What does "bearded barley" mean in "The Lady of Shalott"?

Quick answer:

In "The Lady of Shalott," the phrase "bearded barley" means the long grassy blades that surround ripe barley kernels, looking like the bristles of a beard.

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As the poem opens, the speaker describes the scene around the tower of Shalott. We realize this is an isolated setting outside of Camelot, surrounded by barley fields. Tennyson calls the barley "bearded" because ripening barley grows long, grassy bristles that surround and protect the barley grain, just as the bristles of a beard cover a face.

Tennyson also says the barley has grown over the head of the reaper. That it is tall, bearded, and being reaped or harvested means it is fully ripe and that the season is probably late summer. But Tennyson is really trying in these early stanzas to emphasize how isolated the area is. Not only is Shalott surrounded by acres of barley and rye, as both grains grow in England, it is surrounded by a moat as well.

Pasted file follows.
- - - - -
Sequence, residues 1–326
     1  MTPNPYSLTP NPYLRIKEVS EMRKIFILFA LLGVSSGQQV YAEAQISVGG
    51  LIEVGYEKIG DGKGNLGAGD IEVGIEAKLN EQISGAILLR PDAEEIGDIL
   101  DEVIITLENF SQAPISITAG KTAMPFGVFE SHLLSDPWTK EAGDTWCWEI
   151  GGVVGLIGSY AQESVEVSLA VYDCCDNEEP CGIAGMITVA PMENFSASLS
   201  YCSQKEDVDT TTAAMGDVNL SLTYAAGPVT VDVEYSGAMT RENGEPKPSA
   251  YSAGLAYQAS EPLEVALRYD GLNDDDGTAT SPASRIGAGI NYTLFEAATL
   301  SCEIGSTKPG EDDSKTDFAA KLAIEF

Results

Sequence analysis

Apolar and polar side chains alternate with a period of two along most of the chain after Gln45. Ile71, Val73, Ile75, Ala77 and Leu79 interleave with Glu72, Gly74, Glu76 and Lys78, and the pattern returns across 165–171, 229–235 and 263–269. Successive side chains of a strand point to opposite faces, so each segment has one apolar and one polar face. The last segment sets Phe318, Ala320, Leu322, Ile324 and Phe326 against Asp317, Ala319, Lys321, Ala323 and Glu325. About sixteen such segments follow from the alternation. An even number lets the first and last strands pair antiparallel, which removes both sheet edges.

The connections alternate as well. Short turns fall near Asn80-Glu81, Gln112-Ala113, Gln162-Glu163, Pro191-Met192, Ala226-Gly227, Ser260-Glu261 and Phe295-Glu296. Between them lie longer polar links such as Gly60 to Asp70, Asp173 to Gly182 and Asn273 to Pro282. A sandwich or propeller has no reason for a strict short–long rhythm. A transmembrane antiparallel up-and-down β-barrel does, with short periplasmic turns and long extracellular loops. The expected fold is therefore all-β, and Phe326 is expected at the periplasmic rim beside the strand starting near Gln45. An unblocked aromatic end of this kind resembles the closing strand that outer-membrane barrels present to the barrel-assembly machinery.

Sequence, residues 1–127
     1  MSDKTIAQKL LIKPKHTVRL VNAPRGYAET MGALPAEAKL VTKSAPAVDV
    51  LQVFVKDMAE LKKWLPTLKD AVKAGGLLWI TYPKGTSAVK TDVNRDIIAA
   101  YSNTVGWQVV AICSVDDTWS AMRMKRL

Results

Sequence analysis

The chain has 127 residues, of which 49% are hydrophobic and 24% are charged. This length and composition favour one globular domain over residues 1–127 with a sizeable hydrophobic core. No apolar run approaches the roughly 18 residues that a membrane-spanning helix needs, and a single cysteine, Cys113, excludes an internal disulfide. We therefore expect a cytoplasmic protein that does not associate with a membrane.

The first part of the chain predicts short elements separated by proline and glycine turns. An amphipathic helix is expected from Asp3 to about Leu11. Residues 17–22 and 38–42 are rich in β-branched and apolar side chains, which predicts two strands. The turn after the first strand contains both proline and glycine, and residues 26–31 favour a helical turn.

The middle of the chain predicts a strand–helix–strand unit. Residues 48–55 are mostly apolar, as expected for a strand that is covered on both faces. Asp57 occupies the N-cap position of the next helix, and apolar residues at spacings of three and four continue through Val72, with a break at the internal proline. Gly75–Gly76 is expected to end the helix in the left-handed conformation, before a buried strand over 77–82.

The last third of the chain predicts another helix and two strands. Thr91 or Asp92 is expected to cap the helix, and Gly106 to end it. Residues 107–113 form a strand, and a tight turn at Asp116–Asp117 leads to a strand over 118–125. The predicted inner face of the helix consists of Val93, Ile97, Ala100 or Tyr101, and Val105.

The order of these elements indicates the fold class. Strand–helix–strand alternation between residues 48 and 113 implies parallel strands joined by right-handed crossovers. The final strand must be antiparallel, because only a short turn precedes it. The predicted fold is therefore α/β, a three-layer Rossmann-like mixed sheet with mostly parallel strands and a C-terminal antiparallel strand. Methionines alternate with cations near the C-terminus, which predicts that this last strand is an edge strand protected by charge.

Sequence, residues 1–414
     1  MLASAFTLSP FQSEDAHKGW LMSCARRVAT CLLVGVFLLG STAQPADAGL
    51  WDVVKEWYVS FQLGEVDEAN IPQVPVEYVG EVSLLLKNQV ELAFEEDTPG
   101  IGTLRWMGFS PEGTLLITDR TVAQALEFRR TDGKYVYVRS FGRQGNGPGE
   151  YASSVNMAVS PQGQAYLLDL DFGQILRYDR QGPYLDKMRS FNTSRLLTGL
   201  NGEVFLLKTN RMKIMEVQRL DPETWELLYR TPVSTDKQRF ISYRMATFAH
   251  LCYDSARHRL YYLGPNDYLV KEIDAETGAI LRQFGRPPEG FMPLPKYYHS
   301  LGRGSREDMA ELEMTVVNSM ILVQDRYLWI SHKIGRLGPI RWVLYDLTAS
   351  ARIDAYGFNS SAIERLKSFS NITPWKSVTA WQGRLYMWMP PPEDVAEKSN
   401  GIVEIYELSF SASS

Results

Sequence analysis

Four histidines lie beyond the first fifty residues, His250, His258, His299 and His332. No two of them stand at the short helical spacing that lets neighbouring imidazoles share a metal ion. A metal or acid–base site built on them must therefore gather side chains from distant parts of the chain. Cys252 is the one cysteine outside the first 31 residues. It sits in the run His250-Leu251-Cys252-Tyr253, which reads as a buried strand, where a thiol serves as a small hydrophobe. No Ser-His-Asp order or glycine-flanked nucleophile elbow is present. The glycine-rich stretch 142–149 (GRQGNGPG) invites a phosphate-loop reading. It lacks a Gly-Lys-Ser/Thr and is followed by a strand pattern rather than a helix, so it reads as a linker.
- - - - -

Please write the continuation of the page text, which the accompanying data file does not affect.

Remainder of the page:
Although the movie camera had not been invented yet, Tennyson is, in effect, "flying" in on the tower from overhead, giving us a wide shot of the entire scene in which the tower is set. At this early point in the poem, there is some suspense: Why is the "camera" from afar zoning in on this tower of Shalott?

Our first experience of the mysterious resident of the tower is not a visual of her but the sound of her singing, heard by the reaper amid the "bearded barely." He hears her "chanting cheery" (singing) as he works and identifies her as the Lady of Shalott.

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